Russ Feingold cuts through the “not prejudging cases” farce:
FEINGOLD: In Hamdi there were four different opinions…We know where all eight other members of the court stand on these opinions — in their opinions. They either wrote or joined one of them. Yet all eight of them will hear the next case that raises similar issues. No one is suggesting that their independence or impartiality in the next case has been compromised. Mr. Hamdi, of course, has left the country, so the precise facts of his case will never return to the court…Justice Scalia can participate in the next case involving the questions at issue in Hamdi, even though we know exactly what he thinks about that decision..Why shouldn’t the public have some idea of where you stand today on these crucial questions concerning the power of the government to jail them without charge or access to counsel in a time of war? They know a great deal about how each of the other justices approach these issues. Why is your situation different?
ROBERTS: Well, because each of the other eight justices came to their views in those cases through the judicial process…You’re now asking me for my opinion outside of that process: not after hearing the arguments; not after reading the briefs, not after participating with the other judges as part of the collegial process; not after sitting in the conference room and discussing with them their views, being open to their considered views of the case; not after going through the process of writing an opinion which I have found from personal experience and from observation often leads to a change in views…
FEINGOLD: What would be the harm, Judge, if we got your views at this point and then that process caused you to come to a different conclusion, as it appropriately should? What would be the harm?
ROBERTS: Well, the harm would be affecting the appearance of impartiality in the administration of justice…
FEINGOLD: I understand your view. I think it’s narrow. I have the experience of having one of my bills go for the Supreme Court and I know I didn’t have, as we say in Wisconsin, a snowball’s chance with a couple of the justices because of what they had ruled previously. But I didn’t think that made the process in any way tainted.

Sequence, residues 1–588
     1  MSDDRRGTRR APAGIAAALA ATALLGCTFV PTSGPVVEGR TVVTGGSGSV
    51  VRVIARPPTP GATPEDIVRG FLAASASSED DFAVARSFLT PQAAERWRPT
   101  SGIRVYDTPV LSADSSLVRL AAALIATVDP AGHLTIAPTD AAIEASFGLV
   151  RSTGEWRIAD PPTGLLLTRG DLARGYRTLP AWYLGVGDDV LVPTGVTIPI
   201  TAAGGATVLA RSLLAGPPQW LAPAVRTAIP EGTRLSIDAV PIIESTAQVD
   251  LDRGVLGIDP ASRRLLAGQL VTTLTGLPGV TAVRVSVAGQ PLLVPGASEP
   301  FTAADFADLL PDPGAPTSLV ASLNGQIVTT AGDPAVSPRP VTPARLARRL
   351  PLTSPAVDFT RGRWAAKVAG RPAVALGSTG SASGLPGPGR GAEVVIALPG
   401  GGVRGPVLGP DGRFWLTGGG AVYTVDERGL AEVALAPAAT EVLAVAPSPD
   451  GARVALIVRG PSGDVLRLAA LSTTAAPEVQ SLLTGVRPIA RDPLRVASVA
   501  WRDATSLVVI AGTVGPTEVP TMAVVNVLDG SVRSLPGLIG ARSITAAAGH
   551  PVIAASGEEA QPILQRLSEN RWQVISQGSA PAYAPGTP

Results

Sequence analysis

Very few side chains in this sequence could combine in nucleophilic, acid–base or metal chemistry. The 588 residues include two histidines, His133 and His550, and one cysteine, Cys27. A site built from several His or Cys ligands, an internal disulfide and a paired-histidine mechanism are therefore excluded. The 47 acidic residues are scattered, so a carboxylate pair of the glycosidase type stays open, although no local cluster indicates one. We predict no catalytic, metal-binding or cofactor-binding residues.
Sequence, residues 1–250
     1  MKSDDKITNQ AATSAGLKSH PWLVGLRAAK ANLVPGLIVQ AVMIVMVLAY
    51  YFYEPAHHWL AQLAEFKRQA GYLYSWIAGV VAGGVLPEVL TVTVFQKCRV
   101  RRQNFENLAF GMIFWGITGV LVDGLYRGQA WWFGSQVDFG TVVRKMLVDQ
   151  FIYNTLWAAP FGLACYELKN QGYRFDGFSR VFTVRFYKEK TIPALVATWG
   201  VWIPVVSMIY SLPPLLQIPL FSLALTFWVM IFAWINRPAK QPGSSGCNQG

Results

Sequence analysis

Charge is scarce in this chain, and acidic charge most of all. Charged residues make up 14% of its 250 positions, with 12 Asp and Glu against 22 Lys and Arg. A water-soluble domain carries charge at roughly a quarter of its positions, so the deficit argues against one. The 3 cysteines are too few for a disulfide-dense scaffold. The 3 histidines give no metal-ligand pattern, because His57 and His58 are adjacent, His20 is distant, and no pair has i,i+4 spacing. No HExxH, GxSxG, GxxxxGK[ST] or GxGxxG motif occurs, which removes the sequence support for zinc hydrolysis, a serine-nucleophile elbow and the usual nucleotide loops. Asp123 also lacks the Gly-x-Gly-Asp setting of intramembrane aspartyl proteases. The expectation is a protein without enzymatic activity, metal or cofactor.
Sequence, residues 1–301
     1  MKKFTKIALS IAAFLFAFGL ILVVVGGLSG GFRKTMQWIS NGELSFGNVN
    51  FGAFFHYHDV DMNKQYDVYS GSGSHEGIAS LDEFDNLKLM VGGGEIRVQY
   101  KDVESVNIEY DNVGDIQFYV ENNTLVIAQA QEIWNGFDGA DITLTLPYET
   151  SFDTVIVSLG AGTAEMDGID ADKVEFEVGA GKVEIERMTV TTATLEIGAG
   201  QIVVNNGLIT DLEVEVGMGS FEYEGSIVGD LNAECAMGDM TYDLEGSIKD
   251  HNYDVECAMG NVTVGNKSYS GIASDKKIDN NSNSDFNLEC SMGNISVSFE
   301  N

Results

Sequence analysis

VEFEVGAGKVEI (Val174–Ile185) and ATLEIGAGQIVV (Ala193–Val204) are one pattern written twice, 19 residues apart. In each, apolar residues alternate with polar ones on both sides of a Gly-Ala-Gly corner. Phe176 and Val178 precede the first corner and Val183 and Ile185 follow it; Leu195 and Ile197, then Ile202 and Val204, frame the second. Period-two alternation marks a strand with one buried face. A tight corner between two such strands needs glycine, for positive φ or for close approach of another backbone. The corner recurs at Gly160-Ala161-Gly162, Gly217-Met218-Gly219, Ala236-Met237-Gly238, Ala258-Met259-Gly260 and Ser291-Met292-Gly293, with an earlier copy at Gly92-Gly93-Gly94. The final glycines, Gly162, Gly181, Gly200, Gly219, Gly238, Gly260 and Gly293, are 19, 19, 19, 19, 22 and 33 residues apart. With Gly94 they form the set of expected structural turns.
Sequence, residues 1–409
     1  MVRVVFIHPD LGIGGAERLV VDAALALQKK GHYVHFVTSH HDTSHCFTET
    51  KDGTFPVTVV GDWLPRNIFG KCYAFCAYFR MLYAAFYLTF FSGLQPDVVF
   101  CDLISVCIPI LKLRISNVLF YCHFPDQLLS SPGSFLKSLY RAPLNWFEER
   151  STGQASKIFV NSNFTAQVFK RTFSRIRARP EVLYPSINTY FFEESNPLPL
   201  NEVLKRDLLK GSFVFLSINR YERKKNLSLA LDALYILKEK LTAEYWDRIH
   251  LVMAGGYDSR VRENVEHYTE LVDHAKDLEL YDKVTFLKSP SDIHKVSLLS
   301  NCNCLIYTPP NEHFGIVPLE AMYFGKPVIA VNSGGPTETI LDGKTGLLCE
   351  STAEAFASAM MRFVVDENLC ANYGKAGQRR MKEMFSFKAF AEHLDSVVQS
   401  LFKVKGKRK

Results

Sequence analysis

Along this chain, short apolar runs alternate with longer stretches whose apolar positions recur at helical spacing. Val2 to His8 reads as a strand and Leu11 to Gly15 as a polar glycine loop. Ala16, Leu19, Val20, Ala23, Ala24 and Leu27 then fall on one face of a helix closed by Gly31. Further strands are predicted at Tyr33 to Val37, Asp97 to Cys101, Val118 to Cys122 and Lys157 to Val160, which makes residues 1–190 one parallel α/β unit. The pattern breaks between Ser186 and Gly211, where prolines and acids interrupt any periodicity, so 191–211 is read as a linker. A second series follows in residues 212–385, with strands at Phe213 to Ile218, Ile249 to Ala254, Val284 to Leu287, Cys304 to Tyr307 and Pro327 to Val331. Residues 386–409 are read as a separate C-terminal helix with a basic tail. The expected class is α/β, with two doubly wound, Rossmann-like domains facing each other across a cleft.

So first, John Roberts’ argument is that he can’t discuss past cases because it would be unfair to future litigants to go before a judge who was on the record about issues related to the case. Then, when confronted with the obvious but under-discussed point that every current Justice is on the record about prior cases by nature of having voted on them, his argument transforms into a new one: It’s unfair to future litigants to have to go before a judge who had publicly stated opinions about issues related to the case and hadn’t had them forged by the process of conferring with other justices. This argument is equally specious – certainly, judges views may change with time (though in some cases we may question how genuine the change of heart is), and no one asks an apointee to pledge not to listen to new viewpoints, but if the only people with well-reasoned, prudent opinions on Supreme Court decisions are Supreme Court Justices, then there isn’t much point in having judicial confirmation hearings at all. The idea that Supreme Court Justices, by nature of having to debate with their colleagues and write opinions, have earned some qualitatively different right to their judgments doesn’t seem in keeping with the humility which Roberts claims as the hallmark of his judicial philosophy. And if announcing positions on prior cases without having been on the Court for them is imprudent, his comments about Lochner and Brown are as much so as his comments on Hamdi. The real pattern in what he does and doesn’t discuss it seems, it which cases the public as a whole is likely to be reassured by his positions on and which ones he’d be safer keeping his mouth shut about.